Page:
Olcott Deming; Diplomat, First Ambassador to Uganda

By Patricia Sullivan
Washington Post Staff Writer
Friday, March 23, 2007

Olcott Hawthorne Deming, 98, a career diplomat who became the first U.S. ambassador to Uganda in 1961 and who was the president of the Georgetown Citizens Association in the 1970s, died of septicemia March 20 at the Washington Home hospice.

Mr. Deming, who became a Foreign Service officer in 1948, was appointed ambassador to the newly independent nation of Uganda by President John F. Kennedy. He oversaw one of the largest Agency for International Development programs in sub-Saharan Africa as the country struggled to overcome economic and social problems that later resulted in nearly 20 years of political upheaval.

"He was a lot of people's best friend . . . a very good Foreign Service officer, very competent and someone everybody trusted," said Robert O. Blake, a longtime friend and colleague. "He and I and a couple people from the British Embassy had a hilarious nighttime climb of Mount Fujiyama once -- he was a good, rugged guy."

In retirement, Mr. Deming headed the Georgetown Citizens Association as that neighborhood fought against an adult bookstore, illegal basement rentals and overdevelopment of the waterfront.

Mr. Deming, a great-grandson of author Nathaniel Hawthorne, was born in Westchester, N.Y., and grew up in Redding, Conn. He graduated from Rollins College in Winter Park, Fla.

He began working for the Tennessee Valley Authority in 1935 while also pursing graduate studies in education at the University of Tennessee. In 1938, he became a teacher at the Fairfield Country Day and Edgewood schools, both in Connecticut. He and his wife also were among the first leaders in the newly created Experiment in International Living, which took student groups overseas. They were in Germany with students in September 1939 when World War II began and returned to the United States on the last peacetime crossing of the French liner Ile de France.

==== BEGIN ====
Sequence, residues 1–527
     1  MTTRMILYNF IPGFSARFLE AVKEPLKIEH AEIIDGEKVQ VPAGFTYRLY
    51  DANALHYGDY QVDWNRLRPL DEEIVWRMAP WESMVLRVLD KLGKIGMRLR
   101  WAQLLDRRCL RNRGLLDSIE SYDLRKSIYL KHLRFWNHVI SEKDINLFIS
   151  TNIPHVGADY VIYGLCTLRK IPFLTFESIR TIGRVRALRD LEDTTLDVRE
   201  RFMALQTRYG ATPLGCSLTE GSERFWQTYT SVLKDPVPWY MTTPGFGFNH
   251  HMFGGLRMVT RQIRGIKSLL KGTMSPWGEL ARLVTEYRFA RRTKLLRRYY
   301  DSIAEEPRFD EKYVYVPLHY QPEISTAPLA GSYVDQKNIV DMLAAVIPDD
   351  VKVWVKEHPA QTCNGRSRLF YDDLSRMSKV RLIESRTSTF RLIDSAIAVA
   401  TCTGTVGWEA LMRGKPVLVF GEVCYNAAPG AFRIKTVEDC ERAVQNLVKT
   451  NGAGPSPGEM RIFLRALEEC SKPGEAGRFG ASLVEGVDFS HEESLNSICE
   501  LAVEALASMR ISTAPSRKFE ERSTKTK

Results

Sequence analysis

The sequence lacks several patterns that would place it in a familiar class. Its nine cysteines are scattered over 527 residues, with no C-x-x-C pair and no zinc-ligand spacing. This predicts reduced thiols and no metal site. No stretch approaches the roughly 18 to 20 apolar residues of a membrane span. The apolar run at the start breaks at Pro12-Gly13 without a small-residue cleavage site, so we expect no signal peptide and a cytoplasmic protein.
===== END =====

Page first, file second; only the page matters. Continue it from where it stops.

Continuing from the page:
Mr. Deming joined the State Department in 1942 and the Foreign Service in 1948. He spent three years as a public affairs officer in Bangkok and two years in Tokyo.

In 1957, Mr. Deming was made consul general in Okinawa while the Japanese prefecture was still under U.S. military rule. He persuaded the Army not to confiscate the land occupied by American bases, thereby preserving Okinawan land rights and giving Okinawan landowners a steady stream of rental income.

Returning to Washington in 1959, Mr. Deming became director of the Office of Eastern and South African Affairs in the newly formed Bureau of African Affairs before becoming an ambassador.

Upon his return from Uganda in 1965, Mr. Deming served as diplomat-in-residence at the University of North Carolina, and, finally, as the coordinator of the State Department's Interdepartmental Seminar on Foreign Policy, a post from which he retired in 1969.

Mr. Deming was director of the Foreign Student Service Council in Washington for five years. He also was a trustee of the Experiment in International Living.

He argued in the pages of the New York Times in 1976 for limiting the number of non-career ambassadors to 10 percent of the total.

"The shunting aside of experienced professionals in favor of political appointees as chiefs of missions frustrates the competitive career system and damages the quality of our diplomacy," he wrote. "In 1883, the spoils system was ended in the civil service. In 1976, it is high time to end it in the appointment of ambassadors."

Mr. Deming was president of the Georgetown Children's House, a trustee of Rollins College, a member of the Metropolitan Club and the Chevy Chase Club and a founding member of the City Tavern Club.

Mr. Deming enjoyed the natural world, as evidenced by his confidence in identifying mushrooms in the field. So sure was he of his knowledge that he would take a bite to see if a particular fungus produced a poisonous tingle. He also enjoyed sports, playing tennis into his late 80s and croquet into his mid-90s at his summer retreat in Nantucket.

His wife, Louise Macpherson Deming, died in 1976.

Survivors include his companion, Elizabeth "Betty" Hood Phillips of Washington; three children, Rust Macpherson Deming of Bethesda, John Hawthorne Deming of Washington and Rosamond Bennett Deming of Madrid; a sister; three granddaughters; and five great-grandchildren.

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